apt-get -y install apache2 php5-mysqlnd php5-curl php5-gd php5-intl php-pear php5-imagick php5-imap php5-mcrypt php5-memcache php5-ming php5-ps php5-pspell php5-recode php5-snmp php5-sqlite php5-tidy php5-xmlrpc php5-xsl php5 libapache2-mod-php5
For Ubuntu 16 use the following packs:
apt-get install php libapache2-mod-php php-mcrypt php-mysql php-xml php-soap
Now, start vboxweb-service, and make it to start automatically on every reboot.
sudo systemctl status vboxweb-service
sudo /etc/init.d/vboxweb-service start
Starting VirtualBox web service ...done.
I want to serve phpvirtualbox from Apache’s default virtual host with the document root /var/www (I will install it in /var/www/phpvirtualbox) – if you have a different document root, you must adjust the following steps: cd /var/www wget http://phpvirtualbox.googlecode.com/files/phpvirtualbox-4.1-7.zip Unzip phpvirtualbox and rename the phpvirtualbox-4.1-7 to phpvirtualbox for ease of use: unzip phpvirtualbox-4.1-7.zip mv phpvirtualbox-4.1-7 phpvirtualbox Next go to the /var/www/phpvirtualbox/ directory… cd /var/www/phpvirtualbox/ … and create the file config.php by copying it from config.php-example: cp config.php-example config.php Open config.php and fill in the password you created earlier for the vbox system user: vi config.php […] /* Username / Password for system user that runs VirtualBox */ var $username = ‘vbox’; var $password = ‘secret’; […] That’s it already – you can now open a browser and access phpvirtualbox as follows:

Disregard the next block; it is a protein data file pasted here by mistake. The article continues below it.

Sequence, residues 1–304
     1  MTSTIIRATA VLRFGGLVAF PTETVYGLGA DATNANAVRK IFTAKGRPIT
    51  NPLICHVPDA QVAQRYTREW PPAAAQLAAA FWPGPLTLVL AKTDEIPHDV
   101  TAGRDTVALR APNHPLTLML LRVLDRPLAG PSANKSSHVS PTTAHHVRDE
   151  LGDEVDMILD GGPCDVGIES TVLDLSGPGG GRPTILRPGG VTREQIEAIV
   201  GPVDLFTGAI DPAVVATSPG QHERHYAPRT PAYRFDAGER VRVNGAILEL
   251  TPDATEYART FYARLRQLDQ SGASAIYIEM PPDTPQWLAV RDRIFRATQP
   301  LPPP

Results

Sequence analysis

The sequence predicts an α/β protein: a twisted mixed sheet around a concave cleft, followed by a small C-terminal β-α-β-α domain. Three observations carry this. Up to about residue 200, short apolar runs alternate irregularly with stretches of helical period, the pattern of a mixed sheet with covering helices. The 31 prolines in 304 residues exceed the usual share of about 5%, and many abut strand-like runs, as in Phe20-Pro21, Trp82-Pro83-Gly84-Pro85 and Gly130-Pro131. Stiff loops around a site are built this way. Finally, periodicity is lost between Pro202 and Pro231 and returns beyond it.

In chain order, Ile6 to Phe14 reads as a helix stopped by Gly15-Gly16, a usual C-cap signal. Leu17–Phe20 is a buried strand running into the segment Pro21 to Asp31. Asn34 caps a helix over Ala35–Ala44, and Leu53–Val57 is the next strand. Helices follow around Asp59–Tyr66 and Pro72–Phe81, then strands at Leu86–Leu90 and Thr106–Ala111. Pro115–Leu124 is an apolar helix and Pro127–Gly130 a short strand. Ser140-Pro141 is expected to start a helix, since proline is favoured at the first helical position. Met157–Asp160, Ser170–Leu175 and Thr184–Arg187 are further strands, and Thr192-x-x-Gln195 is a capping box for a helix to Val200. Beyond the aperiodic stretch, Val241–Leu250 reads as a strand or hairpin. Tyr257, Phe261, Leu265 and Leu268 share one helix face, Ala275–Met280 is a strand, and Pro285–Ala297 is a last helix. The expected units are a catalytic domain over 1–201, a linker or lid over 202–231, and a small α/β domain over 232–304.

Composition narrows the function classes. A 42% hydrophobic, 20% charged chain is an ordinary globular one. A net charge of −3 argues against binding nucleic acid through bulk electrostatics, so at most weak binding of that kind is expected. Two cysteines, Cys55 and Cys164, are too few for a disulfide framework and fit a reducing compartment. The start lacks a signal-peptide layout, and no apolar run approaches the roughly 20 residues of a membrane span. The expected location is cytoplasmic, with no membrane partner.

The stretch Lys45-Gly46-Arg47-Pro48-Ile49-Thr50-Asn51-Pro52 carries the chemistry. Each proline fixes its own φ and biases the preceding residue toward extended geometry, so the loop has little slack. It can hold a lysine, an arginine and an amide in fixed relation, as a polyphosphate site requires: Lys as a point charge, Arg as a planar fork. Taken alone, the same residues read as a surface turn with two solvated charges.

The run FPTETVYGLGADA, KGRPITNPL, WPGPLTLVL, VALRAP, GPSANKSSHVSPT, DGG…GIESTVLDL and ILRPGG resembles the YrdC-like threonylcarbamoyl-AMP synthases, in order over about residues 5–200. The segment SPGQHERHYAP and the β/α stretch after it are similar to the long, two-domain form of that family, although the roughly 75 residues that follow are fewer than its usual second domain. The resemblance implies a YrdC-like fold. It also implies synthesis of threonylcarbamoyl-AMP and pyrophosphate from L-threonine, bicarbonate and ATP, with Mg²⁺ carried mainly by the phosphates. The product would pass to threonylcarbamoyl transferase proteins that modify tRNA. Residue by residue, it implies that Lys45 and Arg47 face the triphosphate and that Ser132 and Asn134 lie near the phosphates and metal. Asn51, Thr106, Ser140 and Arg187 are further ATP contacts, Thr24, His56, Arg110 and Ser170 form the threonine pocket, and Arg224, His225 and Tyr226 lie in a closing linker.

Removing & updating Virtualbox Extension Pack:
For example removing virtualbox extension pack 4.3 to 5.1 version, do the following things-
$ VBoxManage list extpacks Extension Packs: 1 Pack no. 0: Oracle VM VirtualBox Extension Pack Version: 4.1.12 Revision: 77218 Edition: Description: USB 2.0 Host Controller, VirtualBox RDP, PXE ROM with E1000 support. VRDE Module: VBoxVRDP Usable: true Why unusable:
How to remove an extension pack:
$ VBoxManage extpack uninstall "Oracle VM VirtualBox Extension Pack" 0%...10%...20%...30%...40%...50%...60%...70%...80%...90%...100% Successfully uninstalled "Oracle VM VirtualBox Extension Pack".
This is a very important page that and for some reasons I just forget the links on nagios-
Some very basic links that I should bookmark immediately-
Well, install squint is quite simple! But installing squish is quite tricky- the document provided is not sufficient to cover few steps. I’ll try to summerize it (I’ve tested it on FC-5 distro)-
Just a small tweaking comnand that allows MySQL server on a linux server to open & listen to port 3306 for remote connectivity-
[root@linux root]# iptables -I INPUT -p tcp –dport 3306 -j ACCEPT